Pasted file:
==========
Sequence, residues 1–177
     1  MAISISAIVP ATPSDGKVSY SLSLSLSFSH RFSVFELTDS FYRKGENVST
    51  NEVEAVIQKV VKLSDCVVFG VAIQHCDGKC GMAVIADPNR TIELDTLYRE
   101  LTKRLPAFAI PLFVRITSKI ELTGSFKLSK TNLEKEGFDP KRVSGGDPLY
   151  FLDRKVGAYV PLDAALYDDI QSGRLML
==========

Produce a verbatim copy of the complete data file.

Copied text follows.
Sequence, residues 1–177
     1  MAISISAIVP ATPSDGKVSY SLSLSLSFSH RFSVFELTDS FYRKGENVST
    51  NEVEAVIQKV VKLSDCVVFG VAIQHCDGKC GMAVIADPNR TIELDTLYRE
   101  LTKRLPAFAI PLFVRITSKI ELTGSFKLSK TNLEKEGFDP KRVSGGDPLY
   151  FLDRKVGAYV PLDAALYDDI QSGRLML